As shown in FIG. 1, the illustrative in-vehicle computing system 102 includes a processor 110, an input/output (“I/O”) subsystem 112, a memory 114, a data storage 116, a display 118, a camera system 120, a user interface 122, and, in some embodiments, one or more peripheral devices 124. Additionally, the camera system 120 includes one or more cameras 126 and the user interface 122 includes a virtual camera control 128. Of course, the in-vehicle computing system 102 may include other or additional components, such as those commonly found in a typical computing device (e.g., communication circuitry, various input/output devices, and/or other components), in other embodiments. Additionally, in some embodiments, one or more of the illustrative components may be incorporated in, or otherwise from a portion of, another component. For example, the memory 114, or portions thereof, may be incorporated in the processor 110 in some embodiments.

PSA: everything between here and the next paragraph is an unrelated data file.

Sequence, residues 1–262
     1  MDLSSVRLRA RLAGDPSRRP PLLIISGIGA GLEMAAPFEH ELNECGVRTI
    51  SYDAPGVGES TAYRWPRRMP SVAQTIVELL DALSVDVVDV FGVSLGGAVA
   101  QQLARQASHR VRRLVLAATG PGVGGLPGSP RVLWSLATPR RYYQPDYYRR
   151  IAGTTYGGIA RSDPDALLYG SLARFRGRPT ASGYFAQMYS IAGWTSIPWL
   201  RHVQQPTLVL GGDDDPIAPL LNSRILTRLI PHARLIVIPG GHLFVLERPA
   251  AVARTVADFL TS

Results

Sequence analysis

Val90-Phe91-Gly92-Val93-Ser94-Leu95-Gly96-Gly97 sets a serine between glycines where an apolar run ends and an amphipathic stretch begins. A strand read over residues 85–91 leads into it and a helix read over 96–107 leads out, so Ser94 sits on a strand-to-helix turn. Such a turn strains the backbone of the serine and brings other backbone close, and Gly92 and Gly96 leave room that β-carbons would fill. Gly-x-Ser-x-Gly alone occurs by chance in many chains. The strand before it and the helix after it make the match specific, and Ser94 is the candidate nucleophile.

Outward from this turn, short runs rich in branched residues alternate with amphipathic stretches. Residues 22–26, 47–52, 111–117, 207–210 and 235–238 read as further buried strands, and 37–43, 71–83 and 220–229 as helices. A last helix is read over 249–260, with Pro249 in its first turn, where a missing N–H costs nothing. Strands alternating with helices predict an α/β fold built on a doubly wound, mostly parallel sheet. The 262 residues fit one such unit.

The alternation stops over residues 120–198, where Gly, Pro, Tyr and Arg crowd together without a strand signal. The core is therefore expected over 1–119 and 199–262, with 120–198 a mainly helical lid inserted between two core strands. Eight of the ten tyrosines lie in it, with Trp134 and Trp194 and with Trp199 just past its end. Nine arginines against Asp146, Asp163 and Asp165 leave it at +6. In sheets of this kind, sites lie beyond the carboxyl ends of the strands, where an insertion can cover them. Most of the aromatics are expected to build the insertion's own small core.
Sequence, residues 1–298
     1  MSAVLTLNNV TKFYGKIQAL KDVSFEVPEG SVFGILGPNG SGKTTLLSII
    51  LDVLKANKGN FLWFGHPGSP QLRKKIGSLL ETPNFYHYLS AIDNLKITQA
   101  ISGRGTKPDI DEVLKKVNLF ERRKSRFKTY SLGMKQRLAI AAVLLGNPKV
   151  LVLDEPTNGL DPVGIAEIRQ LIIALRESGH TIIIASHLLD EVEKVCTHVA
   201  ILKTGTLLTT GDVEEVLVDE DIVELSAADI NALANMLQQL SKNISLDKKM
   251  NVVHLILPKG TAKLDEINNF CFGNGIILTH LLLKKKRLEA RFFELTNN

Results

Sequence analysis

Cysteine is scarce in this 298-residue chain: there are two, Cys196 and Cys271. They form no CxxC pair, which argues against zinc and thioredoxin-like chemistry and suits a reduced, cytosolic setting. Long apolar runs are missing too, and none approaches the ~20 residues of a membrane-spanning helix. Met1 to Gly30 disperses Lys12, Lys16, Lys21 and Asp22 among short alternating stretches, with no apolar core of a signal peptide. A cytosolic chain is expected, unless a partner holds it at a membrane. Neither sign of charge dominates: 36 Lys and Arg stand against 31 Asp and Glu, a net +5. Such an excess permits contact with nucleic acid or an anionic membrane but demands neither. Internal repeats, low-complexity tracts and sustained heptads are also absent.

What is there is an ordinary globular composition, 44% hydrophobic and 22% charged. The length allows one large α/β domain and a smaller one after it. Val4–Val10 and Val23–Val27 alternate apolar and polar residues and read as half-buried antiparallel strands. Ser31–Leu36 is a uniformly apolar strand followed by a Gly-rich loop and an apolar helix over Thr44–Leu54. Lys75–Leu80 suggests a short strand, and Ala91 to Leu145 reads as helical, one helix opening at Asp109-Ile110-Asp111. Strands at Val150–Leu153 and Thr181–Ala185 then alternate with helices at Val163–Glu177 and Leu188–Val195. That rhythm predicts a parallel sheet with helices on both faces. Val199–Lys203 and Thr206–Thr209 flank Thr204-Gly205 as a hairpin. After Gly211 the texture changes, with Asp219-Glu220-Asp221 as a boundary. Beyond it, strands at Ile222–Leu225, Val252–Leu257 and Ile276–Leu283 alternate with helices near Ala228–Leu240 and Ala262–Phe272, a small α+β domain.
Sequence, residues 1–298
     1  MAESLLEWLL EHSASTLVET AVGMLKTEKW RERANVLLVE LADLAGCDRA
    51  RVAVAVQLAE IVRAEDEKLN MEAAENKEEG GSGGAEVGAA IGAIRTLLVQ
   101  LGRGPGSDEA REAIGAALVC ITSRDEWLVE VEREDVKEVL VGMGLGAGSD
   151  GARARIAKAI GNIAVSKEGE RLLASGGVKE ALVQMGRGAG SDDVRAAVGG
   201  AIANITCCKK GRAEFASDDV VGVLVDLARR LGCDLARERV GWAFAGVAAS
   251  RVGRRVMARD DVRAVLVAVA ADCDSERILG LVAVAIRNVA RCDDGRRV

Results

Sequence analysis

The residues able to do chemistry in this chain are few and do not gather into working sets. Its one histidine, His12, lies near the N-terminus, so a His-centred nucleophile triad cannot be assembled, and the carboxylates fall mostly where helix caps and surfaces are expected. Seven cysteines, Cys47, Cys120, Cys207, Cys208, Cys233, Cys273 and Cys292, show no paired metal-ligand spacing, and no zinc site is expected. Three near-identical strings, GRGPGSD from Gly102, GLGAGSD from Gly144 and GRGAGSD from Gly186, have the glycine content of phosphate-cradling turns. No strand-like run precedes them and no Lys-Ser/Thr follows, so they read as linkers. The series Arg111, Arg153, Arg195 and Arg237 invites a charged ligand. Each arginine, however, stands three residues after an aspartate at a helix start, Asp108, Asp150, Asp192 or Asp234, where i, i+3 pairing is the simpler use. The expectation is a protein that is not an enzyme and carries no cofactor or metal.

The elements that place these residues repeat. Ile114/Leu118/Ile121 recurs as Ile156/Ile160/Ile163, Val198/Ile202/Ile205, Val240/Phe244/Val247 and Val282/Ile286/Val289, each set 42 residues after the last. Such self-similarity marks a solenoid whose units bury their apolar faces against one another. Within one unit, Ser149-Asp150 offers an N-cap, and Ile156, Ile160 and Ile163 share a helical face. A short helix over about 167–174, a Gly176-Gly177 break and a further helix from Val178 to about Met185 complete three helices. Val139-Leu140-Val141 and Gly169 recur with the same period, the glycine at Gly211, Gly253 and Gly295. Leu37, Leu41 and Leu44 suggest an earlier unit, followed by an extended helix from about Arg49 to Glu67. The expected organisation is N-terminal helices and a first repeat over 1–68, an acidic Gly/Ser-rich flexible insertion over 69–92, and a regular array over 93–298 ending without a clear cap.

The processor 110 may be embodied as any type of processor capable of performing the functions described herein. For example, the processor may be embodied as a single or multi-core processor(s), digital signal processor, microcontroller, or other processor or processing/controlling circuit. Similarly, the memory 114 may be embodied as any type of volatile or non-volatile memory or data storage capable of performing the functions described herein. In operation, the memory 114 may store various data and software used during operation of the in-vehicle computing system 102 such as operating systems, applications, programs, libraries, and drivers. The memory 114 is communicatively coupled to the processor 110 via the I/O subsystem 112, which may be embodied as circuitry and/or components to facilitate input/output operations with the processor 110, the memory 114, and other components of the in-vehicle computing system 102. For example, the I/O subsystem 112 may be embodied as, or otherwise include, memory controller hubs, input/output control hubs, firmware devices, communication links (i.e., point-to-point links, bus links, wires, cables, light guides, printed circuit board traces, etc.) and/or other components and subsystems to facilitate the input/output operations. In some embodiments, the I/O subsystem 112 may form a portion of a system-on-a-chip (SoC) and be incorporated, along with the processor 110, the memory 114, and other components of the in-vehicle computing system 102, on a single integrated circuit chip.